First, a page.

City Reliquary Marks World Series with New York Mets Exhibition

Mets fans pay tribute at a shrine to the old Shea Stadium.

City Reliquary, Shea Stadium Memorabilia from the Rashbaum Collection. Photo: City Reliquary.
City Reliquary, Shea Stadium Memorabilia from the Rashbaum Collection. Photo: City Reliquary.

New York Mets fan desperate to turn the tide in the World Series (the Kansas City Royals currently lead two games to none) may want to make a pilgrimage to Brooklyn’s City Reliquary, a small museum dedicated to enshrining New York city’s past, for their current exhibition showcasing artifacts from Shea Stadium, the team’s former home.

“Shea Stadium was the site of the Mets’ World Series wins in 1969 and 1986, but the fragments displayed here radiate the energy of every past victory and defeat that unfolded under the eyes of loyal fans,” Sarah Celentano, the museum’s assistant manager, writes artnet News in an e-mail. She continues, “These objects from Shea Stadium won’t only remind viewers of the site where the Mets once played; they’ll also elicit memories of experiences there and the emotion inherent in being a Mets fan.”

One common emotion being heartbreak, as Mets fans know all too well.

Shea Stadium. Photo: Stadium Page.

Shea Stadium.
Photo: Courtesy of Stadium Page.

Between 1964 and its demolition in 2008, Shea Stadium was home not only to the Mets, but also to the Yankees in the 1974 and ’75 seasons, and to the New York Jets until 1983. The Beatles memorably played the first stadium concert at Shea in 1965, and Pope John Paul II delivered mass to 52,000 fans there in 1979.

The exhibition features a collection of loaned memorabilia from the Rashbaums, a couple who Celentano describes as “two long-time fans whose home is essentially a museum dedicated to the Mets and Shea Stadium.”

The Rashbaums initially approached the Reliquary in the hopes of acquiring some of the institution’s own Mets artifacts, which include an old Willets Point/Shea Stadium sign. (Mets memorabilia has been known to find success on the auction block, such as a 1960s bullpen cart that sold for over $100,000 at Sotheby’s this spring.)

“We don’t sell anything from our collection, but it offered a great opportunity to connect on our shared love for the Mets, the cultural import of loving that team, and how powerful the Shea objects are,” said Celentano.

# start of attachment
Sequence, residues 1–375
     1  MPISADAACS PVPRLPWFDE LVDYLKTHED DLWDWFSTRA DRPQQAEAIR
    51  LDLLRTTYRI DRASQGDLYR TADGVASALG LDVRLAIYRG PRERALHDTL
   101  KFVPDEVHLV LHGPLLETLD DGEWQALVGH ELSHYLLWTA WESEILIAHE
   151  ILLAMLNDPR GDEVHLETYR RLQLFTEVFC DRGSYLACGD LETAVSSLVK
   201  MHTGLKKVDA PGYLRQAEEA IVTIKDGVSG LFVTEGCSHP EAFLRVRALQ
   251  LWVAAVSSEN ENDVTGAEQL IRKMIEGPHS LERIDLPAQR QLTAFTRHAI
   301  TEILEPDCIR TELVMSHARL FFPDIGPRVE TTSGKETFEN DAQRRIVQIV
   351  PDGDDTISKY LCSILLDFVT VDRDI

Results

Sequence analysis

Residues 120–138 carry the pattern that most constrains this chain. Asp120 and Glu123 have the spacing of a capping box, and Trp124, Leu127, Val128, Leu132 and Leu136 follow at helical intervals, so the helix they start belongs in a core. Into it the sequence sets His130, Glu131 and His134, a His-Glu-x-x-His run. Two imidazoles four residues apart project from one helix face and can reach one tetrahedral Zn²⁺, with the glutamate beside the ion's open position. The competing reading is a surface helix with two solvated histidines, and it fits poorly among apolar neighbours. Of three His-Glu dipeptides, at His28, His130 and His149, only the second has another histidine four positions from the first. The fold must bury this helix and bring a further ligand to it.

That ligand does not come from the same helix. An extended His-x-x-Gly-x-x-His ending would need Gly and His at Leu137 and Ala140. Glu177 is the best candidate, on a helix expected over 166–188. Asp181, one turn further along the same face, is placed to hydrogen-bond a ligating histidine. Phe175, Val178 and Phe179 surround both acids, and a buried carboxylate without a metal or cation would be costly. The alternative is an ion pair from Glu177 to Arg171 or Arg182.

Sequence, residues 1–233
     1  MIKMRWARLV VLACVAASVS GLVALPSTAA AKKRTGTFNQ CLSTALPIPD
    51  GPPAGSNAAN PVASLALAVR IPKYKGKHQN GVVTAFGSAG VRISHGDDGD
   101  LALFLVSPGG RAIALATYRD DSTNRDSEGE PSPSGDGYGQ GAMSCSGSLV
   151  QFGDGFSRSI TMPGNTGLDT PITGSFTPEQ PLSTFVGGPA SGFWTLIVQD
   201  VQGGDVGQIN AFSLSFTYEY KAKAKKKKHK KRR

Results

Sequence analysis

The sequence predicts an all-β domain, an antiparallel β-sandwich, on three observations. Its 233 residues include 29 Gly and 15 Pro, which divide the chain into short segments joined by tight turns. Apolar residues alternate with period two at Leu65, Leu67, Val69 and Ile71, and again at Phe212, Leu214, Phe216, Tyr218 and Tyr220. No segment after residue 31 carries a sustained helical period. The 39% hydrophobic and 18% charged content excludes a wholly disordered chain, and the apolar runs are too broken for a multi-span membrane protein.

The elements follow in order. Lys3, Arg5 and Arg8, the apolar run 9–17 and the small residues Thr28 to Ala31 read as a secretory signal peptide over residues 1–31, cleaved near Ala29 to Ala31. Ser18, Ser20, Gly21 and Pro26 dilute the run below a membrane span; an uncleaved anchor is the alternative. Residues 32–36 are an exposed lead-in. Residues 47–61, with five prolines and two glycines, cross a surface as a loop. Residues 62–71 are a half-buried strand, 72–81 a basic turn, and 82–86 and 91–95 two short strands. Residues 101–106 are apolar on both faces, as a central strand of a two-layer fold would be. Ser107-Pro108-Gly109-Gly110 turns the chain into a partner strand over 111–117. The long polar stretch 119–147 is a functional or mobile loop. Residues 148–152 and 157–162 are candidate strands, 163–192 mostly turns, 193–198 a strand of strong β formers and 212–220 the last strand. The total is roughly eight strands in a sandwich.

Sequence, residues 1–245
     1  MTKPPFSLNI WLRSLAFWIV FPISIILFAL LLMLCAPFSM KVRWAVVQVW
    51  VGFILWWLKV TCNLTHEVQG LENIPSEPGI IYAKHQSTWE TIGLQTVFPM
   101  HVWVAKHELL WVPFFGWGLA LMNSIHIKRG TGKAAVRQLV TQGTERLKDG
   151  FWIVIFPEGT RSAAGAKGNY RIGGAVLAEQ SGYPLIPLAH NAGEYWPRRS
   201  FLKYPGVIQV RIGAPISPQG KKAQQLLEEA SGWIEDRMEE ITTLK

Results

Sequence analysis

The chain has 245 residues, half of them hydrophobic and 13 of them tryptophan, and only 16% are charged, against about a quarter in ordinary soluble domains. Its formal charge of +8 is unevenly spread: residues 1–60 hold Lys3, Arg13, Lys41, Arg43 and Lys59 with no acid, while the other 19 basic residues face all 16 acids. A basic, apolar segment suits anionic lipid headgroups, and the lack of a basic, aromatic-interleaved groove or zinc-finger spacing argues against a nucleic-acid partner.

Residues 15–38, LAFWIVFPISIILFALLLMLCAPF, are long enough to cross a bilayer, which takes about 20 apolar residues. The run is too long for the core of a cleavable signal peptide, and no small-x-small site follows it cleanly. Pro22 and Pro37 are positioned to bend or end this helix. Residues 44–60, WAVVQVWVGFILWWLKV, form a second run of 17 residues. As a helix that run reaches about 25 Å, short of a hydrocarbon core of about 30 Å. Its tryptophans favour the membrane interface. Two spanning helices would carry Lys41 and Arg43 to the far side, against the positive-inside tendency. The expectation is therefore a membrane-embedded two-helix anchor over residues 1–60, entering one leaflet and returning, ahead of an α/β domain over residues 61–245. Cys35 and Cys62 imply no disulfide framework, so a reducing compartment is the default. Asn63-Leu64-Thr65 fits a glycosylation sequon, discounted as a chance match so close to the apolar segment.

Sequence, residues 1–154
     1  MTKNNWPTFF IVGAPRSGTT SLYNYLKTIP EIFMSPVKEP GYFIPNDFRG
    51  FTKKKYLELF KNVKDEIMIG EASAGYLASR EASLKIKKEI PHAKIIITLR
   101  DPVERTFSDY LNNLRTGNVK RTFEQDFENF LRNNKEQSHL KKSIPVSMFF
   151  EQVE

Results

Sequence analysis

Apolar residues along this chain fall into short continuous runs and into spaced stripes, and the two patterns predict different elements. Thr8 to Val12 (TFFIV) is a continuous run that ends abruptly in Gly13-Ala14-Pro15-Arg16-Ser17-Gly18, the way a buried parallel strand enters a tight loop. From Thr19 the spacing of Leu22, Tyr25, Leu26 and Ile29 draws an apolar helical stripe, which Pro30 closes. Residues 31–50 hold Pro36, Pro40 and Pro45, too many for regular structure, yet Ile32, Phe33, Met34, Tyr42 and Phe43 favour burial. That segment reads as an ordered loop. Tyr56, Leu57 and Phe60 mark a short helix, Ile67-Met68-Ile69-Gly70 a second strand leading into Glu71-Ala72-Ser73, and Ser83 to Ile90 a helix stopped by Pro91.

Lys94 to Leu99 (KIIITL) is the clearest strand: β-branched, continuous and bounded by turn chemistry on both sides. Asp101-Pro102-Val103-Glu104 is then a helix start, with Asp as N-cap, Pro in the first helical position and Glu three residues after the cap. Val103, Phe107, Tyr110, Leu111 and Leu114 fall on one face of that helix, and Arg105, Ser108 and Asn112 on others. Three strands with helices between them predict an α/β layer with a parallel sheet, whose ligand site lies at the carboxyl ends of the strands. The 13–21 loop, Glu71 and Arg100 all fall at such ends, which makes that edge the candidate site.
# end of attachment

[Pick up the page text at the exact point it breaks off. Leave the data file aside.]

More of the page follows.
The exhibition includes a bench from the home bullpen, a ticket taker’s box from 1964, a ramp sign featuring the Mr. Met mascot proudly bearing four national pennant flags representing the team’s national league championships, and bases that “still have field dust on them,” said Celentano.

“We’re very interested in the human tendency to treat everyday, practical objects as special, even quasi-divine,” she added. “The ‘shrine’ to Shea entirely fits with the City Reliquary mission of celebrating the power of objects that come from an irretrievable sites.”

New York Met Daniel Murphy engaging in post season heroics.  Photo: New York Mets.

New York Met Daniel Murphy engaging in post season heroics.
Photo: Courtesy of the New York Mets.

To further celebrate the occasion, the Reliquary is hosting a game four viewing party and Halloween costume party on Saturday. Mets-themed costumes, such as a blonde Thor-esque wig inspired by pitcher Noah Syndergaard, are highly encouraged, and will be rewarded with prizes. The party is free, and the Reliquary will be selling ballpark snacks and beverages.

There is currently one major omission from the City Reliquary exhibition, in that there aren’t any objects honoring infielder Daniel Murphy. The hero of the first two rounds of the playoffs, Murphy made his major league debut at Shea back in 2009.

According to Celentano, this may soon be rectified: “The Rashbaums have offered to add an object to the display: a Murphy flag from the CitiField souvenir shop that their nephew bought for $3 back in 2009 [from] the bargain bin!”

Shea Stadium Memorabilia from the Rashbaum Collection” is on view at the City Reliquary, at 370 Metropolitan Avenue in Williamsburg, Brooklyn, October 8–November 29, 2015.


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